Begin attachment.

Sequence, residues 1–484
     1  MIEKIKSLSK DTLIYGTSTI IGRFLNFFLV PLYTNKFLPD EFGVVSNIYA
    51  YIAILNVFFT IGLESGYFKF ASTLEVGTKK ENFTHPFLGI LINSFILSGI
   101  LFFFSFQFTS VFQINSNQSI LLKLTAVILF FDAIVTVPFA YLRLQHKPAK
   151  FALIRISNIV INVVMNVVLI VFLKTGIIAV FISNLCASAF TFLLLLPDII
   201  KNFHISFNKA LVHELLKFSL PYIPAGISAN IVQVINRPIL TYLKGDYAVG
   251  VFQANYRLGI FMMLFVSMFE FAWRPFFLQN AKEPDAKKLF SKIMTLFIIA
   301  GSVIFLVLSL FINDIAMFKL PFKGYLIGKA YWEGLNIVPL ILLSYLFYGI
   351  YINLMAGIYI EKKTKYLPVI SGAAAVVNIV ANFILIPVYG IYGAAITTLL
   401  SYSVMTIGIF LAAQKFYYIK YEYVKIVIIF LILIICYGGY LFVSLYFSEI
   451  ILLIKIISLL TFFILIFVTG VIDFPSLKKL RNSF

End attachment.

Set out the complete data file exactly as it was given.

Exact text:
Sequence, residues 1–484
     1  MIEKIKSLSK DTLIYGTSTI IGRFLNFFLV PLYTNKFLPD EFGVVSNIYA
    51  YIAILNVFFT IGLESGYFKF ASTLEVGTKK ENFTHPFLGI LINSFILSGI
   101  LFFFSFQFTS VFQINSNQSI LLKLTAVILF FDAIVTVPFA YLRLQHKPAK
   151  FALIRISNIV INVVMNVVLI VFLKTGIIAV FISNLCASAF TFLLLLPDII
   201  KNFHISFNKA LVHELLKFSL PYIPAGISAN IVQVINRPIL TYLKGDYAVG
   251  VFQANYRLGI FMMLFVSMFE FAWRPFFLQN AKEPDAKKLF SKIMTLFIIA
   301  GSVIFLVLSL FINDIAMFKL PFKGYLIGKA YWEGLNIVPL ILLSYLFYGI
   351  YINLMAGIYI EKKTKYLPVI SGAAAVVNIV ANFILIPVYG IYGAAITTLL
   401  SYSVMTIGIF LAAQKFYYIK YEYVKIVIIF LILIICYGGY LFVSLYFSEI
   451  ILLIKIISLL TFFILIFVTG VIDFPSLKKL RNSF